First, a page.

The Federal Motor Carrier Safety Administration has announced that it is beginning a two-year crash preventability demonstration program that will classify a crash as “not preventable” on a carrier’s Safety Measurement System profile in instances where the carrier is not at fault.
However, to have a crash deemed not preventable, the carrier must submit a request for data review through the agency’s DataQs system, attaching documentation that establishes the carrier could not have avoided the crash.
The crash demonstration program will begin accepting RDRs on Aug. 1 for crashes that occurred on or after June 1, the agency said.
The announcement follows an FMCSA Federal Register posting a year ago seeking public comment on an idea that has for years been sought by truckers, brokers and shippers.
Fatal crashes currently are listed on a carrier’s safety profile but do not contain information on whether the carrier was at fault in the crash. Under the demonstration program, if a crash is found to be not preventable, a carrier’s private Crash Indicator Behavioral Analysis Safety Improvement Category, or BASIC, score will be recalculated with the crash omitted.
“Stakeholders have expressed concern that the Crash Indicator BASIC may not identify the highest-risk motor carriers for interventions and that the listing of crashes on the public website, without an indication of preventability, can give an inaccurate impression about the risk posed by the company,” FMCSA said. “The data gathered through the demonstration program will allow the agency to better evaluate the utility of making crash preventability determinations.”
To be considered for a “not preventable” rating, a crash must have resulted in a fatality, bodily injuries requiring immediate medical treatment away from the scene of the crash or a vehicle being towed from the scene of a crash.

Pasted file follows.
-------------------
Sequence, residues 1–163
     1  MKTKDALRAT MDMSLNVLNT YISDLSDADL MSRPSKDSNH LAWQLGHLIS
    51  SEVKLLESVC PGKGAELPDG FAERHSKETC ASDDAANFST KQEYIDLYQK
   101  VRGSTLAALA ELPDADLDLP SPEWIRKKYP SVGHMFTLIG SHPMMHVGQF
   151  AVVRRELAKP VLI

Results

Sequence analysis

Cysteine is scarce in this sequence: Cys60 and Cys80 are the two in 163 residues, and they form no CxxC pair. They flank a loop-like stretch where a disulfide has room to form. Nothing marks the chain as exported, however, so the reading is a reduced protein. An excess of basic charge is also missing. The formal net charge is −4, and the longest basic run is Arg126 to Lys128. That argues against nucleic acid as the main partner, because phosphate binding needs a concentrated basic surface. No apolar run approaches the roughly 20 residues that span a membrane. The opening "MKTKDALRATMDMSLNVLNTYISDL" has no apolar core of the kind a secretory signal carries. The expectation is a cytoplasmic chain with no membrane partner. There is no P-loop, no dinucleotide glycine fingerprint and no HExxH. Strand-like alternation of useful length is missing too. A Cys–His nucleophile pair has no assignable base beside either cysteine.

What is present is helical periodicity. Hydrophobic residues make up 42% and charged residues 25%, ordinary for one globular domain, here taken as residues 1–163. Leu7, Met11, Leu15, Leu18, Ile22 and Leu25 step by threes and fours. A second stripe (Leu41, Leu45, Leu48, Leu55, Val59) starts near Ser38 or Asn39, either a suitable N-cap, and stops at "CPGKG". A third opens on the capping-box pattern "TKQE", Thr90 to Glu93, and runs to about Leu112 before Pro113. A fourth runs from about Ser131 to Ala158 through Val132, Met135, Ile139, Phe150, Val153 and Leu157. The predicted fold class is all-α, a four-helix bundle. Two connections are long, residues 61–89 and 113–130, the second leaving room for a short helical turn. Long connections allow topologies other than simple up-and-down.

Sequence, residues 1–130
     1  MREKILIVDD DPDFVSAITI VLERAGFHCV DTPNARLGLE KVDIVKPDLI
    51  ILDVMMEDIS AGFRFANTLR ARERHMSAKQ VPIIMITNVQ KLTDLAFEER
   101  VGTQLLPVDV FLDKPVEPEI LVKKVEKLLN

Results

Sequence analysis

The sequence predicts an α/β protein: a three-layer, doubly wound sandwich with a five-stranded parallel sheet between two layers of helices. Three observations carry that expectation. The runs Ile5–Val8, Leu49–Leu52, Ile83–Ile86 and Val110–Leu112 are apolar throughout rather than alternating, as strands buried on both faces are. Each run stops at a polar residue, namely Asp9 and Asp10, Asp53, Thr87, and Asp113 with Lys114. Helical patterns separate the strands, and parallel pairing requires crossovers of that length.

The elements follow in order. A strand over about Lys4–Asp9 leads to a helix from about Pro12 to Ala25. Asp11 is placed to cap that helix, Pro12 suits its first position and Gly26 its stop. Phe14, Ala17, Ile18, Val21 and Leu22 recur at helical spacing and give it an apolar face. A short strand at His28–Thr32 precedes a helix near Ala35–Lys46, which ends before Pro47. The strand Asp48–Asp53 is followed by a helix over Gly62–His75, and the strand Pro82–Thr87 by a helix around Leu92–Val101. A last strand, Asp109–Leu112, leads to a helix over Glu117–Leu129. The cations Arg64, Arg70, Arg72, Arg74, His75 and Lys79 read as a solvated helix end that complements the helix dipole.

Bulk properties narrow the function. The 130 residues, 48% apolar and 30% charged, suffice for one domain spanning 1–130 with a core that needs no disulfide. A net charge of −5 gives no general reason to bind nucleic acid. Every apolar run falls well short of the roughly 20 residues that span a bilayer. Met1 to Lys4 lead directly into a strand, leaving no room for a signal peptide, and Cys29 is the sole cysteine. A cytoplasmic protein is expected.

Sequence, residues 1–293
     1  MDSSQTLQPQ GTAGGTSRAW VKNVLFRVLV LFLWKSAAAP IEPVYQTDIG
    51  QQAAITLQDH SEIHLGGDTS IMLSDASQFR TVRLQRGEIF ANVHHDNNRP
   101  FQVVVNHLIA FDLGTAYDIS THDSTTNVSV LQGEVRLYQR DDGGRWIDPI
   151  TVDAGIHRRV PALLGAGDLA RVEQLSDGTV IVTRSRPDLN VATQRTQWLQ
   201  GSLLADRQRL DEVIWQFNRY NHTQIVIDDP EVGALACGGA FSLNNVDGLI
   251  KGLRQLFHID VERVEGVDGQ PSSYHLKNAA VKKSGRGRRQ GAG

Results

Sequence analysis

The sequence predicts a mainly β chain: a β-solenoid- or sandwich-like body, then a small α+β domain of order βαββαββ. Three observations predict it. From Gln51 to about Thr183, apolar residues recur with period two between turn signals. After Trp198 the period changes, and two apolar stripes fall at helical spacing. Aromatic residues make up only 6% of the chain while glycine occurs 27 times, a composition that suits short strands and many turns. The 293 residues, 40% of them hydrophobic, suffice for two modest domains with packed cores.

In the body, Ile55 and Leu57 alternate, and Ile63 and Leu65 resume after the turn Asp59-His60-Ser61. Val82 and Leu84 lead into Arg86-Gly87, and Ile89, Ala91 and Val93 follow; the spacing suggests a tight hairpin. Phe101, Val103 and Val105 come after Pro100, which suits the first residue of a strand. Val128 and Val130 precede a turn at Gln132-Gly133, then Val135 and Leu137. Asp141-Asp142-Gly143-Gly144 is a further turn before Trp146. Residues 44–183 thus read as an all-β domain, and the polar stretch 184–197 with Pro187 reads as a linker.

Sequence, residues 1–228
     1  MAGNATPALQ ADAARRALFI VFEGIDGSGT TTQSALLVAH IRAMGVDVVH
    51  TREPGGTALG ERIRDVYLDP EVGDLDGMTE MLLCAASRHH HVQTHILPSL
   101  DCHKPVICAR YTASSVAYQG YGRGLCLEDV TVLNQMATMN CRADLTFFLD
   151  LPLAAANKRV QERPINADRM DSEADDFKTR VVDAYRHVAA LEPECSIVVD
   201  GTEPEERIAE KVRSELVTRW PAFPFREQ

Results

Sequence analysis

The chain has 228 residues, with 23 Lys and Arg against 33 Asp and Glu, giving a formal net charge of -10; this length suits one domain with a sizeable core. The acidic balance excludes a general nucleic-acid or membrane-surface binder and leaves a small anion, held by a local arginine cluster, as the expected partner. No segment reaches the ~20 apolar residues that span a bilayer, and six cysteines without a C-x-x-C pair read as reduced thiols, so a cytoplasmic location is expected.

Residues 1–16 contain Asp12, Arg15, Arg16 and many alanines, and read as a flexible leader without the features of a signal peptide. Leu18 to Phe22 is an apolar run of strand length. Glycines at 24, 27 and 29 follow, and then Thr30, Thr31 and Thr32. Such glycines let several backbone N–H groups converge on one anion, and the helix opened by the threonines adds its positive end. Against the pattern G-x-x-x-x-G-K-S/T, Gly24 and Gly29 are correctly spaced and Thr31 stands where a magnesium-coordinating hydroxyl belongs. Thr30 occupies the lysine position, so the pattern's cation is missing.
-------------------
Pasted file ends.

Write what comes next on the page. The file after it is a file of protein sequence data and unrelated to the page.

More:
There are eight types of crashes that would be automatically eligible for a review. They include a crash in which a commercial motor vehicle is struck by a motorist driving under the influence, struck by a motorist driving in the wrong direction, struck in the rear, and the CMV being struck when it was legally stopped or parked.
Other crashes that can be reviewed include those in which an individual attempts to commit suicide by stepping or driving in front of a CMV, a crash that damages a CMV after striking an animal in the roadway, a crash in which a CMV is struck by infrastructure such as falling trees or rocks and instances in which a vehicle is struck by cargo or equipment from another vehicle.
The agency’s initial posting in July 2016 suggested that RDRs should include all available law enforcement reports and insurance reports from all parties involved in a crash.
After receiving comments, FMCSA said it will not require someone submitting a crash preventability RDR to include specific documentation from third parties, such as insurance companies, but it will be incumbent on the submitter to provide sufficient documentation that a crash was not preventable.
“The agency will consider all relevant evidence submitted,” FMCSA said in its July 27 Federal Register post. “The burden is on the submitter to show by compelling evidence that the crash was not preventable.”
The agency said it will use “contract resources” to complete the review.
In a briefing statement, American Trucking Associations said possible evidence could include, but is not limited to, crash reports; police accident reports; insurance documents; pictures; videos; media reports; affidavits; or transcripts.
The controversy over the crash-fault issue goes back several years, and the new demonstration program represents somewhat of a concession by FMCSA.
Despite longtime pressure from the trucking industry, FMCSA concluded in a study made public in January 2015 that it did not have a foolproof path to follow for quickly assessing fault in crashes and then using those judgments to predict future risk among trucking companies.
At the time, the agency said it examined nearly 11,000 police reports on accidents involving trucks and buses, and found discrepancies among the reports and no clear way to use fault assessment to produce a superior model for predicting future crashes as part of the CSA program.
Originally, the agency was planning in 2012 to implement a much-anticipated CSA program process that would have allowed carriers to seek an accountability review of crashes that went on their safety records.
However, in March 2012, then-FMCSA Administrator Anne Ferro announced that the agency would delay “until further notice” its plans to use police accident reports as the basis for fault determination.
At the time, Ferro said the agency and then-Transportation Secretary Ray LaHood had received feedback from a few public interest groups raising questions about the “reliability” of police accident reports as the primary basis for the crash accountability determination process.